Ireland and the financial crisis.
Mac An Bhaird, Ciarán (2010) Ireland and the financial crisis. In: Lagoarde Segot, Thomas, (ed.) After the crisis: Rethinking Finance. Global recession. Causes, impacts and remedies . Nova Science Publishers, New York, pp. 35-46. ISBN 978-1-61668-925-4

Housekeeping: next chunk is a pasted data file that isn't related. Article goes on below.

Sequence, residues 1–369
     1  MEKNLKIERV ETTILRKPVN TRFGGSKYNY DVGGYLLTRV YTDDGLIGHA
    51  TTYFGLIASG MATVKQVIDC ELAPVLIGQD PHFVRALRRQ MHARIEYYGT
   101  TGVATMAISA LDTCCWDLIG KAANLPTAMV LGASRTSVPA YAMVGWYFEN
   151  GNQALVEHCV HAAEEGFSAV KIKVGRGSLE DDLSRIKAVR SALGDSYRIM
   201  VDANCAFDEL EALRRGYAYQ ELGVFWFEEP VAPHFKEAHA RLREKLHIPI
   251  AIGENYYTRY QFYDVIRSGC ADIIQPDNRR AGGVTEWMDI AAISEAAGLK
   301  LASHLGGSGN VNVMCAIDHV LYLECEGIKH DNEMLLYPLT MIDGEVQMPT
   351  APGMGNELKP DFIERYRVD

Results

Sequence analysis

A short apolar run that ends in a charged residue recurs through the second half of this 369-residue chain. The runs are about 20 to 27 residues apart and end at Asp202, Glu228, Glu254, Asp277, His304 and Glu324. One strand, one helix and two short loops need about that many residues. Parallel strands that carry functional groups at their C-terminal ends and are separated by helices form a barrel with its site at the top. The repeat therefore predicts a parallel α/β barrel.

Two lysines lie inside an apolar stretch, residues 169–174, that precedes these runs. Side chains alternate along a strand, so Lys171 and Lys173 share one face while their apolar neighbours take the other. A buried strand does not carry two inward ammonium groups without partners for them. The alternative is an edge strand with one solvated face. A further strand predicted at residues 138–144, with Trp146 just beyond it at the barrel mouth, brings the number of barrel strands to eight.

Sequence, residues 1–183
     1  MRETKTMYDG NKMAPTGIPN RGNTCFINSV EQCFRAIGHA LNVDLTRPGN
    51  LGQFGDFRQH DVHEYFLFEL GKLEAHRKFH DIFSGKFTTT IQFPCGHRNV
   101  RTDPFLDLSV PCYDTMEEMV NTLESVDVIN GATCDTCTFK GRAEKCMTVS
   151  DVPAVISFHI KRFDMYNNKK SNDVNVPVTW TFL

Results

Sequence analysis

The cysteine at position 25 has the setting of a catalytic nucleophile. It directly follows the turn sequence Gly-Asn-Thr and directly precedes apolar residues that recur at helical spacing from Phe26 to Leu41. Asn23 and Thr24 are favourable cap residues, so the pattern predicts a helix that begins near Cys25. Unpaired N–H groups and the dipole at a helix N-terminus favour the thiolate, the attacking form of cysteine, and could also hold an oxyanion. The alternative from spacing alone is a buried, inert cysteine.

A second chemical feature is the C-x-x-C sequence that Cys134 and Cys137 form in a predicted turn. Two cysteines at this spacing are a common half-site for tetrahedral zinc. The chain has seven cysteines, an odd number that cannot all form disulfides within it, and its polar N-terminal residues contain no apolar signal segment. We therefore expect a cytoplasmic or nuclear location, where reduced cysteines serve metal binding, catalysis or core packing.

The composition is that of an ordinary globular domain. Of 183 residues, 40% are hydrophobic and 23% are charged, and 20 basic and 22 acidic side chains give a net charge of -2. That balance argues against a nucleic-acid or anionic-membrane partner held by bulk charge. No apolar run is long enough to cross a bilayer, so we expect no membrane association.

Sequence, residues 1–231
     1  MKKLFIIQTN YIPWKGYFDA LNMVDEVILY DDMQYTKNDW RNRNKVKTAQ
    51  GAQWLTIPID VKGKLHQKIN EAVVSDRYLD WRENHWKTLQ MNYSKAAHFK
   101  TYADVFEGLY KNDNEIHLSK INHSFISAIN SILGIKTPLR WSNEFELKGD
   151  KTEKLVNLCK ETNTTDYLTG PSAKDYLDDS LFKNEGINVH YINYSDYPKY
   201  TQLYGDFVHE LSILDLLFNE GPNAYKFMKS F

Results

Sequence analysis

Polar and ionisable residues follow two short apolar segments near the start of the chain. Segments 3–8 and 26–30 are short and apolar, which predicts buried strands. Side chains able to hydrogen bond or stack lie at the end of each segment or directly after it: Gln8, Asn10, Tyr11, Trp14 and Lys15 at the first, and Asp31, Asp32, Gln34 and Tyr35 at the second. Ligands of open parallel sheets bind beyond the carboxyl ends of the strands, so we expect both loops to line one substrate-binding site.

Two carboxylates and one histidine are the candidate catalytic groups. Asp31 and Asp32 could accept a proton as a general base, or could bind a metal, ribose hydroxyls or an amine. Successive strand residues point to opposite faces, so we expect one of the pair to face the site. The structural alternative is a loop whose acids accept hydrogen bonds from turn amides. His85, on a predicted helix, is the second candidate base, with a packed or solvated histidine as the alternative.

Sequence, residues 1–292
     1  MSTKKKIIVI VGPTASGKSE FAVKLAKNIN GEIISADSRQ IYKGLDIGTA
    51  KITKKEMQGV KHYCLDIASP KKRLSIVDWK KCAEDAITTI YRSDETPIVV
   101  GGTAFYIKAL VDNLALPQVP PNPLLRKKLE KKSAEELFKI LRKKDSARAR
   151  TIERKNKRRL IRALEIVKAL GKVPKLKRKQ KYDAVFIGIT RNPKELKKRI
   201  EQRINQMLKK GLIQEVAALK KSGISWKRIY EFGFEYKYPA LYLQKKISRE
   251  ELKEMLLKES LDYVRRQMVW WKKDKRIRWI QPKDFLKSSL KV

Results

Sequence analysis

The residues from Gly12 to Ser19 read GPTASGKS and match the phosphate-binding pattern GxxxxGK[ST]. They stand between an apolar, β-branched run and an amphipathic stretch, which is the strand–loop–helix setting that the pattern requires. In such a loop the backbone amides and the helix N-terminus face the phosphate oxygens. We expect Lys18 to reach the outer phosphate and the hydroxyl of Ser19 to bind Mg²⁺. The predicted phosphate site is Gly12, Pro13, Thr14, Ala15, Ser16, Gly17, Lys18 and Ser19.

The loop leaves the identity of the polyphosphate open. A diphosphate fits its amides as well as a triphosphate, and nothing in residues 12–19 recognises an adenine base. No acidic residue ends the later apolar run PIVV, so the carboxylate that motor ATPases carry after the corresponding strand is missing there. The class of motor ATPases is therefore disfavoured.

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The growth of the Irish economy in the years 1995-2007 was dramatic and unparalleled by Western economies, earning Ireland the moniker “The Celtic Tiger”. Emerging from conditions of high unemployment, very high rates of emigration of graduates, and enormous government debt in the 1980s, the transformation of the Irish economy in two decades was remarkable and lauded by economists and commentators. High growth rates were facilitated by a number of factors, including the presence of a large number of multinationals producing goods for export, generally benign world economic conditions, low interest rates, a low taxation regime, and an expansionary government policy which embraced the tenets of the ‘free market’. With the onset of the financial crisis, however, came another rapid transformation in the Irish economy. From being one of the fastest growing Western economies in the late 1990s, in 2009 Ireland suffered the greatest contraction of any OECD country since the second world war. The reasons for this dramatic reversal of fortune were attributable not only to the global financial crisis, but also to government policies and the structure of the Irish economy. In this chapter, the remarkable rise and fall of the Irish economy is described and analysed. Influences on the performance of the Irish economy in this period, including the benign world economy, government policy, and the structure of the Irish economy are analysed and examined. Proposals on how best to initiate recovery are also assessed, particularly the narrow focus of discourse which largely concentrates on attempts to ‘fix’ the current system, without considering alternative approaches.
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